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More than a case of the ‘blues’

All Areas > Health & Beauty > Medical Health

Author: Kirsty Lilley, Posted: Friday, 24th May 2024, 09:00

We have made good progress in understanding mental health difficulties and reducing the associated stigma. However, recent public and political discourse has highlighted that we still have a long way to go in developing a holistic and compassionate stance towards those who experience mental ill health.

Whilst we all experience periods of low mood, depression is a mental health condition which involves a persistent low mood, loss of enjoyment in previously enjoyed activities, and a variety of physical, emotional, and cognitive symptoms.

Depression is experienced on a continuum, ranging from mild to moderate to severe, and many people will experience a loss of being able to function in their daily life as they previously did. Early intervention is key and speaking to someone you trust about how you are feeling is a good place to start.


There are many theories about the causes of depression. Research suggests there is unlikely to be a singular cause and each person will experience the condition uniquely. Here are some of the most common causes:
Adverse childhood experiences
Distressing life events
Physical health problems
Recreational drug/alcohol use

Whilst it is often posited as a chemical imbalance, the evidence for this has proved to be weak. Anti-depressants do change brain chemistry, but it is unclear whether this corrects a previous imbalance. It is important not to stop taking anti-depressant medication without proper guidance from your GP.


These will vary between individuals, but some of the most common are:
Persistent low mood for two weeks or more
Restless, agitated or irritable
Empty or numb
Fatigue and sleep difficulties
Avoidance of social events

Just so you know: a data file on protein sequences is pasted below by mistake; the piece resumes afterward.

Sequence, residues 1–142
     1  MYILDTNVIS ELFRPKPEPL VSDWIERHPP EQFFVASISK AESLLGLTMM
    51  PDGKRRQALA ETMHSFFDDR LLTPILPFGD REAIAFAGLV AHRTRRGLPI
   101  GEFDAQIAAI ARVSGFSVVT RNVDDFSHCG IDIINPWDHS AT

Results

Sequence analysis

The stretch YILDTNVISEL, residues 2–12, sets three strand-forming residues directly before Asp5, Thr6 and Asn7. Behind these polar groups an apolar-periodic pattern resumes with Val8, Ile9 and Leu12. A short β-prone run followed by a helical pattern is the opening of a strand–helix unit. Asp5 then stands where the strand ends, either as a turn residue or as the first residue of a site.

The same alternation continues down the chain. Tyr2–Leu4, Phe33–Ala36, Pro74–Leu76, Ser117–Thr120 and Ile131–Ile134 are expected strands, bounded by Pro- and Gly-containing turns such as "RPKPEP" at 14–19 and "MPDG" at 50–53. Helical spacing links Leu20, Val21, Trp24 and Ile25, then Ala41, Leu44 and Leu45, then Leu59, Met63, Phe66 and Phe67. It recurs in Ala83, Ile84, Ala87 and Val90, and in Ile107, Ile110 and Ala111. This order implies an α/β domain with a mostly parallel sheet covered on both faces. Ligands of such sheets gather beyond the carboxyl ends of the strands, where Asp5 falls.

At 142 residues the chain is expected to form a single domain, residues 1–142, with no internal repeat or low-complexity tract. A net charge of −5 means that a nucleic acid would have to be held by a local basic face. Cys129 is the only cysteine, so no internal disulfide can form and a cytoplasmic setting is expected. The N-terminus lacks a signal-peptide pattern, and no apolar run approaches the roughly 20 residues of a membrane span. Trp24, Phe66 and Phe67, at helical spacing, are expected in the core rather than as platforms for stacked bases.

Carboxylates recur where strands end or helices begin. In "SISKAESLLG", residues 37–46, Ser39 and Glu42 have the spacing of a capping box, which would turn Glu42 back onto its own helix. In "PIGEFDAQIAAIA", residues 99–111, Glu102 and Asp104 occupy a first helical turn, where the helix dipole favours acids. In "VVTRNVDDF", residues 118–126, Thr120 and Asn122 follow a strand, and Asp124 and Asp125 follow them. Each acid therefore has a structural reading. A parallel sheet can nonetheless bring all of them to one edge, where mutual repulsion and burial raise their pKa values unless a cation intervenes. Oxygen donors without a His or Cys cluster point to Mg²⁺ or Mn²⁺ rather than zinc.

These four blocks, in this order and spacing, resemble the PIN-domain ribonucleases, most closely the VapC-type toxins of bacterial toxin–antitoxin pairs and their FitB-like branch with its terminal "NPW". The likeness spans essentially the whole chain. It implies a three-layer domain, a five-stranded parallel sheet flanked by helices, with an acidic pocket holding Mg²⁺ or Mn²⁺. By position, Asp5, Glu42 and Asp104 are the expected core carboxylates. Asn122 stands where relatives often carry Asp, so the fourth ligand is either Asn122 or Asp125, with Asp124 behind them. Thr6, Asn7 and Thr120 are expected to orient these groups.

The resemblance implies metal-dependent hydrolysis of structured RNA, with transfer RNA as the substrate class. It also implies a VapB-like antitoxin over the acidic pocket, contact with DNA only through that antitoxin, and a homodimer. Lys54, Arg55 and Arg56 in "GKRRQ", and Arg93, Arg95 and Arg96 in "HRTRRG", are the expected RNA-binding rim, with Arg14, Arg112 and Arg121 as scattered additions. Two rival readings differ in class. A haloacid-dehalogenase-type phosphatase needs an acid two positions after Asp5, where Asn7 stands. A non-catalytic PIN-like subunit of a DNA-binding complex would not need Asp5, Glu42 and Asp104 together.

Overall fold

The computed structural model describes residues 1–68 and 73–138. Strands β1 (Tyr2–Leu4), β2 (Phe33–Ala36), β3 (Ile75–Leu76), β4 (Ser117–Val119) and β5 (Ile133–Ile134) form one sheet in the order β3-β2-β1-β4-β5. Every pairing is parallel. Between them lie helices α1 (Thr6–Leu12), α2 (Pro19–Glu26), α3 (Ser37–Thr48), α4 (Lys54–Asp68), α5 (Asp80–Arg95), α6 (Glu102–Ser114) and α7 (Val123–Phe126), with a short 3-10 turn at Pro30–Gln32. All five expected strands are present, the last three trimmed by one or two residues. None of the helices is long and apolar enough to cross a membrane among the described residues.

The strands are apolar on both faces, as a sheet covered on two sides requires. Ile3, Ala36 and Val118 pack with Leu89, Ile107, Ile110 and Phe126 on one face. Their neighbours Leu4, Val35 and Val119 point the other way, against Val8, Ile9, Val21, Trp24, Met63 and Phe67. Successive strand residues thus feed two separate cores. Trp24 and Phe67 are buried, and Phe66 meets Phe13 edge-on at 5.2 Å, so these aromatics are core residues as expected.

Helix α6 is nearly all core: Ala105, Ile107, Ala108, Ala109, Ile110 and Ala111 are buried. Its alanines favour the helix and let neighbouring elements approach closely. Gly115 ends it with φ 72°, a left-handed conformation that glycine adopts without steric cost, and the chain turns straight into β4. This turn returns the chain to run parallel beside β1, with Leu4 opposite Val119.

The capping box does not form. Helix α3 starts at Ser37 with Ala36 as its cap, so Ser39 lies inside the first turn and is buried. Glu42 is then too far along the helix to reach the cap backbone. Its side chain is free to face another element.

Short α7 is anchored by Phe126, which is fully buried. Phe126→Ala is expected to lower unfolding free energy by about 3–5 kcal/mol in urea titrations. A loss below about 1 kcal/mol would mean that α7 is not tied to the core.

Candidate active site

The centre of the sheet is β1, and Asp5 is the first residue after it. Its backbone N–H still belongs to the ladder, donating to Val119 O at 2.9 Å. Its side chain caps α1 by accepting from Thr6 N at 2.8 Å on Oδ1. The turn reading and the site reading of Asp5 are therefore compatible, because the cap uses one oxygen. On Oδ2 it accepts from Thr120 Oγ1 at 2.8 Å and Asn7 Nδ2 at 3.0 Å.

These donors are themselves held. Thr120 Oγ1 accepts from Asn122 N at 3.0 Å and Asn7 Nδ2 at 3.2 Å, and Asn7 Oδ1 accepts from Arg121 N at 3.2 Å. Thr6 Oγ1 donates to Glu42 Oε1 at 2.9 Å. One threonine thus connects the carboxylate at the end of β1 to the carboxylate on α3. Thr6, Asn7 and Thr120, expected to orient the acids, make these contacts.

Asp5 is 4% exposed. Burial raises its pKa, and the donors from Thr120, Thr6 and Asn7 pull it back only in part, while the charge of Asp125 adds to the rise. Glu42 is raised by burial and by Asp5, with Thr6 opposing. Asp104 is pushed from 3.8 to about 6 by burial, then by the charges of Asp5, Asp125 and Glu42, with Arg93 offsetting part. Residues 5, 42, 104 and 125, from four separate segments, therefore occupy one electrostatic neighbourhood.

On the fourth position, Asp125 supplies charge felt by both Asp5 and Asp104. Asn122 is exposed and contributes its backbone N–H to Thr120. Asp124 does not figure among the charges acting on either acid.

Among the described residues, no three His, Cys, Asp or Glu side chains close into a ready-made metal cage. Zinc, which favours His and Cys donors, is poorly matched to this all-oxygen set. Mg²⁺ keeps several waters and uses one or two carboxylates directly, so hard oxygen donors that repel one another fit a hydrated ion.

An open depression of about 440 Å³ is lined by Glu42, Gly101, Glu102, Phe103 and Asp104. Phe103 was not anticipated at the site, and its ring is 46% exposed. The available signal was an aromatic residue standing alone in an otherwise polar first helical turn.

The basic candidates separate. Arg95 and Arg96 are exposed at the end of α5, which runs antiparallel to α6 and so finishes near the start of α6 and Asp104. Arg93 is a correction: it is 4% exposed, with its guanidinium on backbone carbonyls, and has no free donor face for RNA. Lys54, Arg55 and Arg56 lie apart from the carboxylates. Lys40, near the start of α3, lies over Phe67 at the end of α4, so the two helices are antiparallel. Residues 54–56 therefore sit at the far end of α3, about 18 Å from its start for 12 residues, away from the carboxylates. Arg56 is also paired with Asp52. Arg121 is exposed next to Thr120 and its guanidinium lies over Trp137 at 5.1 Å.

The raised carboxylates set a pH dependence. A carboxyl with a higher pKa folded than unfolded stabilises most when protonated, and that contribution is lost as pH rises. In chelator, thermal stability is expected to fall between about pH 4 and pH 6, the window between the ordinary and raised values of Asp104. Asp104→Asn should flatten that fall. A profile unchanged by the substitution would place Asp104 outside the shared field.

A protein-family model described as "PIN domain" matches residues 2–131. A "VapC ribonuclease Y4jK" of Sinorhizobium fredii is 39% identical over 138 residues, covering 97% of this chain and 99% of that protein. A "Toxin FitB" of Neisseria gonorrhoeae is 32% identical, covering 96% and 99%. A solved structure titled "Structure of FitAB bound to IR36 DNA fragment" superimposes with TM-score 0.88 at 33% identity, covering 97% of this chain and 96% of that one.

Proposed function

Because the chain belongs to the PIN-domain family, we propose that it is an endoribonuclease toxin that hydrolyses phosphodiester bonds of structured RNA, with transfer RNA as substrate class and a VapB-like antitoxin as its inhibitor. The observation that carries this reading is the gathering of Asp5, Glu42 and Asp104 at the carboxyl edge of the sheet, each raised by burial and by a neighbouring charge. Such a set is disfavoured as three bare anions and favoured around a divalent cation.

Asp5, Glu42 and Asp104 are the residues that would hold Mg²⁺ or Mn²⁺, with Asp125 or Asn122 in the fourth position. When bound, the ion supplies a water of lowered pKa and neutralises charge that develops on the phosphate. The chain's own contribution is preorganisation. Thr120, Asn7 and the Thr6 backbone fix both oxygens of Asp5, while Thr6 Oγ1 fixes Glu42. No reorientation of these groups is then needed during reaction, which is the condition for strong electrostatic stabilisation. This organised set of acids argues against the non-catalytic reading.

Self-harming or suicidal behaviour.
Physical aches and pains with no obvious cause

It is common to experience depression and anxiety together – they can sometimes feed off one another. For further insight, please look at the Mind website: www.mind.org.uk

Depression can interfere with your ability to function on a daily basis, which adds stress to an already difficult experience. It may be difficult to talk about how you feel or to make sense of things alone. The above website will help point you in the right direction for further support.

It is also a helpful resource if you are supporting someone who is experiencing depression. Remembering to look after your own mental health is vital if you are to have the capacity to care for someone else who is struggling.


There are ways to help yourself through periods of mild depression, and the NHS website is a reliable source of information. Your GP may also direct you to guided self-help programmes or structured activity programmes. Talking therapies and counselling are proven to be highly effective. You can refer yourself through the NHS website: www.nhs.uk

If the depression is moderate or severe, medication may be needed and can be helpful. It is important to discuss your options fully with your GP or health care provider.

Reach out for help as early as possible.

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